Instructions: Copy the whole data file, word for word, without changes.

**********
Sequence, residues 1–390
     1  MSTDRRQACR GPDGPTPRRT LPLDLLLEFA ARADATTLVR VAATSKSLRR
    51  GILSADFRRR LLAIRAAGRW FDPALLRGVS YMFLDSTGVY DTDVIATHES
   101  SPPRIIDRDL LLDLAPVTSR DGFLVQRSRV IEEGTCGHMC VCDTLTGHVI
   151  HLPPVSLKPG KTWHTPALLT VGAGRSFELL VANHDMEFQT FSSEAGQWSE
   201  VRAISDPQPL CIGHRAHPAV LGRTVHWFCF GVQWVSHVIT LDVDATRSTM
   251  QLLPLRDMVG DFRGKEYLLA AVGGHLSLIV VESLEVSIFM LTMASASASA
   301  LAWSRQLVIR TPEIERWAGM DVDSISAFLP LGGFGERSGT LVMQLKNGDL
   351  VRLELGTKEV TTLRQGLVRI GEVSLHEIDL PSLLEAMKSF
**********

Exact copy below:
Sequence, residues 1–390
     1  MSTDRRQACR GPDGPTPRRT LPLDLLLEFA ARADATTLVR VAATSKSLRR
    51  GILSADFRRR LLAIRAAGRW FDPALLRGVS YMFLDSTGVY DTDVIATHES
   101  SPPRIIDRDL LLDLAPVTSR DGFLVQRSRV IEEGTCGHMC VCDTLTGHVI
   151  HLPPVSLKPG KTWHTPALLT VGAGRSFELL VANHDMEFQT FSSEAGQWSE
   201  VRAISDPQPL CIGHRAHPAV LGRTVHWFCF GVQWVSHVIT LDVDATRSTM
   251  QLLPLRDMVG DFRGKEYLLA AVGGHLSLIV VESLEVSIFM LTMASASASA
   301  LAWSRQLVIR TPEIERWAGM DVDSISAFLP LGGFGERSGT LVMQLKNGDL
   351  VRLELGTKEV TTLRQGLVRI GEVSLHEIDL PSLLEAMKSF